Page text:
Moonflight by Gill Lewis illustrated by Pippa Curnick

An epic adventure, appealing characters, secrets and betrayal, legends and curses, stories and lies all bind together in this exciting adventure full of danger and bravery. Gill Lewis has created a fantasy world that asks questions of our own and encourages children to seek out the truth and recognise what really matters in their lives.

Cover illustration by Pippa Furnick

Award winning author Gill Lewis has displayed a skill in surprising her readers over the years. There is an unpredictability in her range of titles that does, I think, add to her appeal. However, a common thread does tend to be animals although a story featuring rats would be a test of her ability to engage this particular reader as I have a longstanding fear of them. As a child I loved Reepicheep, C S Lewis’s fearless little mouse in The Voyage of the Dawn Treader, and now alongside him I will place the hugely appealing Tilbury Twitch-Whiskers. Gill Lewis has converted me!

Tilbury Twitch-Whiskers is the seventh-born rat of the seventh-born litter and, according to tradition, this means he is a rat in want of adventure. He just doesn’t know it yet because his mother is so anxious that her beloved son should come to no harm that she is overprotective of her little ratling. Tilbury, with his ‘weak bones’ is confined to home and is consequently a timid little chap

Tilbury and his family live with the other Dockland Rats in London and the curse of a legendary diamond hangs heavy over them all. At an annual ceremony it becomes clear only Tilbury can break the curse and save ratkind from looming disaster. To carry out his destiny, this timid young rat must leave the comfort of home for the very first time. Tilbury’s quest takes him to new lands, where huge cats and unfamiliar rats rule the streets and skies. Tilbury must risk everything to return the cursed jewel to its rightful owner.

In many ways this story contains all the recognisable elements of a traditional quest adventure but it does have a slightly different feel. There are stories told within the story and the emphasis on recognising the truth and also of understanding that others’ version of a story may be different to your own has parallels in our current world situation. There are also episodes which include an exploration of the abuse of power, the effect of greed on a community and a look at the class system through the treatment of the Sand Rats. Tilbury’s sister Nimble Quick is a feminist through and through and her determination not to be sidelined made me smile. Tilbury’s developing bravery and wisdom is admirable and his enquiring mind and mechanical aptitude balance his fearful nature. I think young readers will warm to him. I grew fond of Marfaire the Keeper, the wise guide to the young rats on their journey too.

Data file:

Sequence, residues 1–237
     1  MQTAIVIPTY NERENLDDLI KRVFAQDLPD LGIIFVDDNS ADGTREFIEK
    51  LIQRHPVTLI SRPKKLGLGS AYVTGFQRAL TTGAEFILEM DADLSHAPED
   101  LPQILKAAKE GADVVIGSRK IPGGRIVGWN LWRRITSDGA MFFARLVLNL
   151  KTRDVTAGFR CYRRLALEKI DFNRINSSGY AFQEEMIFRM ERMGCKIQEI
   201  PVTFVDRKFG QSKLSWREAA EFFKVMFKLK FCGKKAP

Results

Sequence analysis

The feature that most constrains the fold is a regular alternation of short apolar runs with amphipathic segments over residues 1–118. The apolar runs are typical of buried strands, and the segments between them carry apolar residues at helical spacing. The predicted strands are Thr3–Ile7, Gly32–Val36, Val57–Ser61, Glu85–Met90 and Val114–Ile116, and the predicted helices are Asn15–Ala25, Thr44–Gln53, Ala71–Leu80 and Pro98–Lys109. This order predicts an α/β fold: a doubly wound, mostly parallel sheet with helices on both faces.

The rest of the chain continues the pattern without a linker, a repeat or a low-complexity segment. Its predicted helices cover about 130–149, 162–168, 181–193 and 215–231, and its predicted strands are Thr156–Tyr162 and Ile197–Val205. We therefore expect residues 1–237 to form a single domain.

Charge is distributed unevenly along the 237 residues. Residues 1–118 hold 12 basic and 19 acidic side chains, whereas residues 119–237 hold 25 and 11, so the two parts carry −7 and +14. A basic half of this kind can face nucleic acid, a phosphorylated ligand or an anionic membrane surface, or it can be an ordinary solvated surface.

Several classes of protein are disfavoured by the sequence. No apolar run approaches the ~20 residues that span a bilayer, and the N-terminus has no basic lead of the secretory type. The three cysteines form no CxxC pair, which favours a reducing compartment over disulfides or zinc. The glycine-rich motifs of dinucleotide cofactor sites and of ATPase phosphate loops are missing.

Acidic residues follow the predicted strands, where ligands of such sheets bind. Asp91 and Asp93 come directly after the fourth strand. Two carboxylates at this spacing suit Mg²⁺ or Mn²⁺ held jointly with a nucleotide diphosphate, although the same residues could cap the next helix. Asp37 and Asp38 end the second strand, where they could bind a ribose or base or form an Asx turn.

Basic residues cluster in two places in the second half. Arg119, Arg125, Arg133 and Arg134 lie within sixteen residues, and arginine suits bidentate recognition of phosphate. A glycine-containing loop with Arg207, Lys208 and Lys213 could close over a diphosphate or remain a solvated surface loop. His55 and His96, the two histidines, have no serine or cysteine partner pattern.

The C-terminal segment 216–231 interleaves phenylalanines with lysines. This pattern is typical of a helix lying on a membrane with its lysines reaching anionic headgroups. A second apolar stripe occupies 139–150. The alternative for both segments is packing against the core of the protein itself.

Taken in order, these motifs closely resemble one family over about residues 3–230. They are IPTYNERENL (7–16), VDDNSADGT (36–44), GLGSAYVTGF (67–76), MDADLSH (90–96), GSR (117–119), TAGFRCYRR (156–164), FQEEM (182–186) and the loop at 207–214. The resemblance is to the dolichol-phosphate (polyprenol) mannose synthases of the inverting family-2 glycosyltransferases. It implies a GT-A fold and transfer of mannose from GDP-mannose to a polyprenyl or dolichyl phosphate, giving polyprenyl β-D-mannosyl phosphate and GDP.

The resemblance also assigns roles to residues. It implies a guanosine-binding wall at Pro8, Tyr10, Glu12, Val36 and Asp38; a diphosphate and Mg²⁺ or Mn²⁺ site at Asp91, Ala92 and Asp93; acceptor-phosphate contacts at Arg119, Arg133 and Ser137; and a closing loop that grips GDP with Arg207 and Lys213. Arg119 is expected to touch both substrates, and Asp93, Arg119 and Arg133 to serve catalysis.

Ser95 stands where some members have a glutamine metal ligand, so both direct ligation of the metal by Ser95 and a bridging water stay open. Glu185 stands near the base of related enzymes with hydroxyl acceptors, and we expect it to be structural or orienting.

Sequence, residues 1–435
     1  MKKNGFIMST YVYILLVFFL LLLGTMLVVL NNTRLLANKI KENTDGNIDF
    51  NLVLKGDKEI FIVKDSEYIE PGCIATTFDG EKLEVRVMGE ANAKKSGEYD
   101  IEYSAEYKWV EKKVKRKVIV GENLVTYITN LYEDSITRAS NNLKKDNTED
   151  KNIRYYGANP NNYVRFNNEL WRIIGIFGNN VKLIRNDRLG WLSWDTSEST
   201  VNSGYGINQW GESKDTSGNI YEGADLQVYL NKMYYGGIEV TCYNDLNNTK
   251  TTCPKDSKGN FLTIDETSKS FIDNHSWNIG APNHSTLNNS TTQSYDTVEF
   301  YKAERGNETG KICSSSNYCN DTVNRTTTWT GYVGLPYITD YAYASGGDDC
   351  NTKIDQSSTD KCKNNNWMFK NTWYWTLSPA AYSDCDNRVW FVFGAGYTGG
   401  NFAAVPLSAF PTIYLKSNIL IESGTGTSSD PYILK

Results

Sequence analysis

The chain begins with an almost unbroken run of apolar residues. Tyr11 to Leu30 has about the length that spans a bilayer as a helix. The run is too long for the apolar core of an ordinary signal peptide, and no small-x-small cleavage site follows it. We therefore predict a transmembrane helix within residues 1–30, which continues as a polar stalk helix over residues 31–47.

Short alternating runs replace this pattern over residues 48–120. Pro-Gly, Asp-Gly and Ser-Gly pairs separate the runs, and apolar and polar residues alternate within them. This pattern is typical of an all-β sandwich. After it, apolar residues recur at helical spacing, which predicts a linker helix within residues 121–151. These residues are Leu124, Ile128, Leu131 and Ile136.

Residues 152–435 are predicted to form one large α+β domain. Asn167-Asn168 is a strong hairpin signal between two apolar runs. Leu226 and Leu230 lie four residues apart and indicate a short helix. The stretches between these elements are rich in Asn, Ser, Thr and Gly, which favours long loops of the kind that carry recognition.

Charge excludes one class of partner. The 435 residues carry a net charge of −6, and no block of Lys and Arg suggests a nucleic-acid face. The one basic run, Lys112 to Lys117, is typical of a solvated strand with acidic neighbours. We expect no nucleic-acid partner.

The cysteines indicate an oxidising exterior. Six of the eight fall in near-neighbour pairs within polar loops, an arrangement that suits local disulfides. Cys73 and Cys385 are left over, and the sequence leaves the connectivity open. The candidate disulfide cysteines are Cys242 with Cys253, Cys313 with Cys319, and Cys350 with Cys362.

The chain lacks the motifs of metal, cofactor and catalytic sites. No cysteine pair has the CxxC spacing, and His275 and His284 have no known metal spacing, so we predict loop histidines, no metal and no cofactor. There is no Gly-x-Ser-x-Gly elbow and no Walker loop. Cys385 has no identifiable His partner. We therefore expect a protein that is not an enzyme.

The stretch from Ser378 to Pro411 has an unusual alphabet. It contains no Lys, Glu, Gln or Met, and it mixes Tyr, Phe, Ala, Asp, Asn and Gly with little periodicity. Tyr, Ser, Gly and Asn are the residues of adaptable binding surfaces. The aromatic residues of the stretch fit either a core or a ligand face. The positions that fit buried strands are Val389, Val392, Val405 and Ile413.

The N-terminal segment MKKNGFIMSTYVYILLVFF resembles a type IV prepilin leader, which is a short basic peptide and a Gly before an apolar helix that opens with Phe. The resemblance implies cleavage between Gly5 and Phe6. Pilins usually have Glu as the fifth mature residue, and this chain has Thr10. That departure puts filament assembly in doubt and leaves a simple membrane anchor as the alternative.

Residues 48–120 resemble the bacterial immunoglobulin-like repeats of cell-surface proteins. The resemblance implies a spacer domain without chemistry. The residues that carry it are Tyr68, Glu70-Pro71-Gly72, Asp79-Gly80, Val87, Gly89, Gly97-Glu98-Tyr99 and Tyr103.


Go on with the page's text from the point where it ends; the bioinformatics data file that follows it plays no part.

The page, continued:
There is a fair amount of what can be be described as ‘mild peril’ and violence plus deaths that sensitive readers may need to be prepared for so perhaps this is a book to be shared with an adult for the lower age of the middle grade audience. For readers aged 10 upwards this would be an exciting read and also one that would work read aloud in the classroom with lots of interesting topics for discussion.

Both the cover and the internal illustrations by Pippa Furnick add to the world building by Gill Lewis bringing the setting and characters to life effectively. Moonflight was published on 3rd March by David Fickling Books and I should like to thank the publishers for my proof copy. You can purchase a copy online at

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4 Responses to Moonflight by Gill Lewis illustrated by Pippa Curnick

  1. Anne, you really have to stop recommending books so powerfully when I already have an out of control TBR stack 😂

    Liked by 1 person

  2. Pingback: Reading Matters – children’s book news | Library Lady

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